Copyright © 1998 - 2021 Roger
W. Raisch * Nadine Adele, all rights reserved
You can't overcall a
flock of separated young turkeys in the fall unless they have been heavily hunted or it is
late in the year. My advice is to try to imitate
exactly what you hear the turkeys doing as they regroup, but do it in a more frantic and
distressed manner. For example, if a single lost pout starts to kee-kee, try to answer with the same call in
a similar tone, pitch and rhythm, but put more feeling in your calling. You should
answer every call you hear in the fall. Don't worry about calling mistakes, just
keep right on calling.
Talking To Young
Early in the fall a
young hen will make fast, high-pitched kee-kees (3 to 5 whistles) when she is lonesome and
trying to find another turkey. Later in the fall she will begin to replace the kee-kees
with yelping. Clucking is also a common call made by
young hens. Turkeys can not be depended on to act in a predictable manner at all
times. I believe that brood hens make a variation of the kee-kee-run, but with only
one or two whistles followed by several coarse yelps. This call is frequently heard
in the fall and is easily mistaken for the young jake's four-note kee-kee-run.
Young jakes will
make a slower, coarser four-note kee-kee or kee-kee run as well as coarse clucks and
gobbles when regrouping. Some jakes like to gobble a
lot and will start their gobble with one or two coarse kee-kees followed by a short,
choppy, high-pitched gobble.
All ages and sexes
of fall turkeys frequently make single or double yelps, particularly late in the year. A single yelp is difficult to do
with a mouth call so practice with your caller until you can duplicate this most effective
Many times you will
be carrying on a frantic conversation with one or more lost poults only to be interrupted
by a monotonous and continuous series of clucks, cutts or
coarse yelps. These
repetitious strings of up to 15 notes will be coming from the brood hen and is her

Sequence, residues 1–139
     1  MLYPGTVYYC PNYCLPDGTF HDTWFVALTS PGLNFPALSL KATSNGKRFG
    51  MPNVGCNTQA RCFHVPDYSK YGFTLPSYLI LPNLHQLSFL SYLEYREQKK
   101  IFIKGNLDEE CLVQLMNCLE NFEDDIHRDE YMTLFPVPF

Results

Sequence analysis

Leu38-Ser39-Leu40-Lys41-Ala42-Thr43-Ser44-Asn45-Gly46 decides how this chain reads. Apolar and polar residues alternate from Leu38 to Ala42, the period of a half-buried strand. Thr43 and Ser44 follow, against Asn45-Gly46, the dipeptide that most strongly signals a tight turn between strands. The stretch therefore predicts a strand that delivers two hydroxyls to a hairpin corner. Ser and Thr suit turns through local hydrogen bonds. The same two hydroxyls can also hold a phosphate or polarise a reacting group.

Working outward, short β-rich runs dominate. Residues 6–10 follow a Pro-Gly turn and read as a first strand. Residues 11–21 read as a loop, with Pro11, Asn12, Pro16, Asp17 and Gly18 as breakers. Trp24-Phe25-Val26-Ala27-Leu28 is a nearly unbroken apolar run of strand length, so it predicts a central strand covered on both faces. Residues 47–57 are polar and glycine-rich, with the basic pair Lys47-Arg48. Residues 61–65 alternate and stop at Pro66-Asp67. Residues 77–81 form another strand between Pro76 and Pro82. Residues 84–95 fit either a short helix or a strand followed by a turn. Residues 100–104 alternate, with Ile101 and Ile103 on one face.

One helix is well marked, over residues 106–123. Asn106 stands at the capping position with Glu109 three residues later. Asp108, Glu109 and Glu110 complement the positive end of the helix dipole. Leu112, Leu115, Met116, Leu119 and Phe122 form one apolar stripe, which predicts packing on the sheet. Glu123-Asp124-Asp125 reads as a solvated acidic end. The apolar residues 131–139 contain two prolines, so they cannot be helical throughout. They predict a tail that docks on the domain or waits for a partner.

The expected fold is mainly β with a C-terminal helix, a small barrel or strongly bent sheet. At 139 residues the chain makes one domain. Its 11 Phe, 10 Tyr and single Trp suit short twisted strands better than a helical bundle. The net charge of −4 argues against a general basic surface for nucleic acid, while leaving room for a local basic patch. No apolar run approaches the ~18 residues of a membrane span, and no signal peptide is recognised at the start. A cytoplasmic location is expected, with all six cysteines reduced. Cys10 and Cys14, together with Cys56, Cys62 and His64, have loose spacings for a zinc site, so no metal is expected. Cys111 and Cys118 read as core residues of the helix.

assembly call to regroup her poults. She won't have to
do it for long either. Her poults know her voice and all of them will quickly pass
you by in favor of her.
The moment you hear
this type of calling you need to decide what action you will take, if any. One choice is to simply stay where you are and compete with her
calling. You should duplicate her calls, but with more feeling and volume.
This is a good tactic if she is fairly close to you, say no more than 50 yards away.
Chances are fair that one of the young poults will pass your position en route to
mother. She does provide you with the proper calls and is a good live decoy.
Normally your best
choice is to run her off. Most of the time her poults
will go directly to her quickly and she will lead them away. All of this may take
only 10 to 15 minutes. If you allow her to call for more than
five minutes, chances of luring a turkey to your location are poor. During the process of running her off it is best not to scream and
yell to alert the other turkeys to your presence. Your noise while running or
walking in the leaves will not unduly alarm them.
Calling A Flock
A good way to lure
the flock to you, or to use as the flock is beginning to regroup, is to imitate the sounds
of several different birds getting together. The sounds
of an assembling flock are fairly easy to duplicate if you use a mouth call and some type
of friction call. Make a few lonely kee-kees, or
kee-kee-runs, and then answer yourself with old hen assembly yelps and clucks. If
you have talkative young jakes and they are gobbling, throw in a few assembly gobbles and coarse kee-kee-runs.
There is no secret sequence of calls, just mix it up like a real flock does.
gobblers are fun to hunt. Although they are nearly two
years old, they will often call a lot when regrouping. They will yelp slowly and coarsely, no more than 4 to 6
yelps at one time. Very deep clucks and occasional gobbles are also typical. Once in a while one of them will gobble almost as
much as he will during the following spring. If one starts to gobble a lot, you can
repeat gobble for gobble his
calling, or if you can't duplicate a gobble, come back with slow
coarse yelps, and kee-kee runs. It is a strange blend of two kee-kee-runs as follows: kee-kee-kee-yelp-yelp-yelp-kee-kee-kee-yelp-yelp. The number of whistles and yelps will vary,
but the call will be run together into a single series of notes.